Moreover, a greater length of the deployed stent yielded a more frequent occurrence of ISR within our patient cohort and might be explained by a consecutive longer lesion length which has repeatedly been identified as an independent predictor for periprocedural complications , . Apart from certain anatomical considerations concerning e.g. the distance between stenosis and carotid bulb or the presence of poststenotic kinking, the interventionalist's choice of stent length is mainly based on the length of the stenotic lesion and may represent an overall marker for the carotid plaque burden. Our data support the theory that the risk of vessel injury with subsequent inflammation and possible ISR development seems to be higher in larger and longer carotid plaques because longer stents may have been used and resulted in an extended intimal damage.
Currently, the clinical impact of an ISR is still controversially discussed. The development of an ISR was associated with poor sequelae in a single-center study  whereas the SPACE-trial did not find a higher stroke incidence during follow-up in patients with an ISR , assuming a benign course of this entity. Even if sufficient long-term data assessing the clinical impact of a re-stenosis after CAS will be available in the future, it is still to be expected that a higher degree of re-interventions even in clinically silent ISR will be performed in these patients which again might be accompanied by a periinterventional risk.
Despite the strengths of our conclusive results we are well aware of some limitations of our study: Notwithstanding the prospective data-collection the current analysis was done in a retrospective manner which could have led to an ascertainment bias. To avoid a statistical bias due to sample size and outcome events the analysis of variables investigated had been restricted. Finally, CAS technique improved noticeably during the past few years which may have biased the results during the recruitment period of the current analysis.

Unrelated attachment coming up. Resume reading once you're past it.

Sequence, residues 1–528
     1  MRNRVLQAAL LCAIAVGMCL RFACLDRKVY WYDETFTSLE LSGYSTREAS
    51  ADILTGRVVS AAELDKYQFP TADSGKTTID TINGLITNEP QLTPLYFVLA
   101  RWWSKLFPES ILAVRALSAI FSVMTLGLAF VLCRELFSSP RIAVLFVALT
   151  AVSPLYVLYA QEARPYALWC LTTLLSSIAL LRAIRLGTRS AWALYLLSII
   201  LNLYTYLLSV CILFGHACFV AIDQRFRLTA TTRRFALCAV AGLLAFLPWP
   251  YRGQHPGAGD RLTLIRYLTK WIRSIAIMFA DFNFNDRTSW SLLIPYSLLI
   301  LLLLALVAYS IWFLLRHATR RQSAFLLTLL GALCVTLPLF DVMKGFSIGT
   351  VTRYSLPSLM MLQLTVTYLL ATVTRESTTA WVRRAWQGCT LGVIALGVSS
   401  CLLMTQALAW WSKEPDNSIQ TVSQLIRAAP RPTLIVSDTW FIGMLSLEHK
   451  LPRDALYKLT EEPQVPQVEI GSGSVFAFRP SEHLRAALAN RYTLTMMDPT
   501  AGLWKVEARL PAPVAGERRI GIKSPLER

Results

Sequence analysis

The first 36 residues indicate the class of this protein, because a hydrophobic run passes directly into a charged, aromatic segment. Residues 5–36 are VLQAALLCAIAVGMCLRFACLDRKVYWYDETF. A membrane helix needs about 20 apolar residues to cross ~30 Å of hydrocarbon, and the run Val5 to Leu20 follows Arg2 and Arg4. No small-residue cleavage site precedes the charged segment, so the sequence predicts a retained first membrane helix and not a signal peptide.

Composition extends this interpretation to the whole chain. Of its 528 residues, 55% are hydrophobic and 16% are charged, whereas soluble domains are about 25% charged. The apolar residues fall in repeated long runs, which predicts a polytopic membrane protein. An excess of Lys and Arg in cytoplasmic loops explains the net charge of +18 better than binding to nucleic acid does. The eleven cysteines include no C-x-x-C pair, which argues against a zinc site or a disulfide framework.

The current data contribute to the growing knowledge of factors, which might influence ISR development and are useful for the future individual patient selection and guidance to achieve an optimal treatment of a carotid artery stenosis. The fact that postprocedurally elevated leukocyte count as well as a longer and thinner stent size are associated with the development of an ISR after CAS highlight the theory that inflammation initiated by vessel injury plays an essential role in ISR formation and encourages a rigorous follow-up of these patients.
Competing Interests: The authors have declared that no competing interests exist.
Funding: These authors have no support or funding to report.
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Table 1 Baseline patient characteristics (n = 210).
|Mean age (years ± SD)||67.9 (±9.7)|
|Male sex||151 (71.9%)|
|Right sided carotid stenosis||89 (44.3%)|
|Symptomatic carotid stenosis||149 (71.0%)|
|Arterial hypertension||191 (91.0%)|